However, lenders have different lending criteria and scoring systems, and so an application to another lender might prove successful.
(N.B Information regarding race, gender, disability, colour and religion is not used) Back to Top
A credit reference agency holds financial and publicly available information about individuals, which it takes from a variety of sources, such as banks, credit card providers, retail stores and building societies. It also holds information from the law courts - for example if you have a county court judgement or are a declared bankrupt - and from the electoral roll.
They are not Government organisations but they are regulated under the Consumer Credit and the Data Protection Acts to hold information about individuals, which is deemed to be relevant to lenders. Agencies only hold information - they do not interpret data or give an opinion on an individual's financial status.
Each time a search is requested by a lender it will be noted on your credit file and disclosed to potential lenders in future credit checks. A lender should always inform you if a credit reference check is being carried out, and you should also be told if information about you is to be stored with a credit reference agency.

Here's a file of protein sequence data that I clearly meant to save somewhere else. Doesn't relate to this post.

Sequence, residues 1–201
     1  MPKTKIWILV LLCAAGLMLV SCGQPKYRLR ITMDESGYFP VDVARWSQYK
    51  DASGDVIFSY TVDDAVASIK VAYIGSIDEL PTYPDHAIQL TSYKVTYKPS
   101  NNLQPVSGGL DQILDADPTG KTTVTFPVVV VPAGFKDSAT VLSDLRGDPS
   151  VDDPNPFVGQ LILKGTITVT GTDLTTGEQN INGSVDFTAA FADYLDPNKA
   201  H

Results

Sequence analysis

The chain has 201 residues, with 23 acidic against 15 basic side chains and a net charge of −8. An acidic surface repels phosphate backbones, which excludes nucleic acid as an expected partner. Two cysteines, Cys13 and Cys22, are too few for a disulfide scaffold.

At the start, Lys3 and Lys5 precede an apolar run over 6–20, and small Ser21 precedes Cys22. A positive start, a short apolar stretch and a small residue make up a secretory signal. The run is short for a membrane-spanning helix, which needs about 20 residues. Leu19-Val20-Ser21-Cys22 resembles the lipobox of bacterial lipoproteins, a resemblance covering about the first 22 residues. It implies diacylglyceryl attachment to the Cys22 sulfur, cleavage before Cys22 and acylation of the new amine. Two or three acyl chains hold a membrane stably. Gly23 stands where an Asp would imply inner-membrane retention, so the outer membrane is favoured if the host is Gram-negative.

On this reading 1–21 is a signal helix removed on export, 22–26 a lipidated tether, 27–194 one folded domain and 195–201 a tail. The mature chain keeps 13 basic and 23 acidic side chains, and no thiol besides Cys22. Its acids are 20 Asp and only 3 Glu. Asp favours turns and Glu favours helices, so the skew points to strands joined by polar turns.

Keep in mind:
If you have had no previous credit issues a credit check should be very straight forward and you should be eligible for the majority of unsecured loans. However, if you have no credit history at all and this is the first time you have applied for a loan you may encounter problems with some lenders as they like to see a proven track record. In such cases, it is important to be on the electoral roll and the lender may also ask you for further personal information. Back to Top
Yes, you can obtain a copy of the information held at a credit reference agency by writing to any of the following (or by applying online) for a statutory £2.00 fee.
Consumer Help Service, PO Box 8000
Nottingham, NG1 5GX
Telephone: 0870241 6212
Credit File Advice Centre, PO Box 1140,
Bradford BD1 5US
CallcreditBack to Top
PO Box 491
Leeds LS3 1WX
When they send out a copy of your credit file, the credit reference agency should include details of what you can do to rectify any information that is incorrect.
If you question the information with the credit reference agency they will mark it as unreliable pending further investigation, but the quickest and best solution is to write to the organisation that has supplied incorrect information and ask them to amend it, particularly as they can then correct it with all three credit reference agencies. Back to Top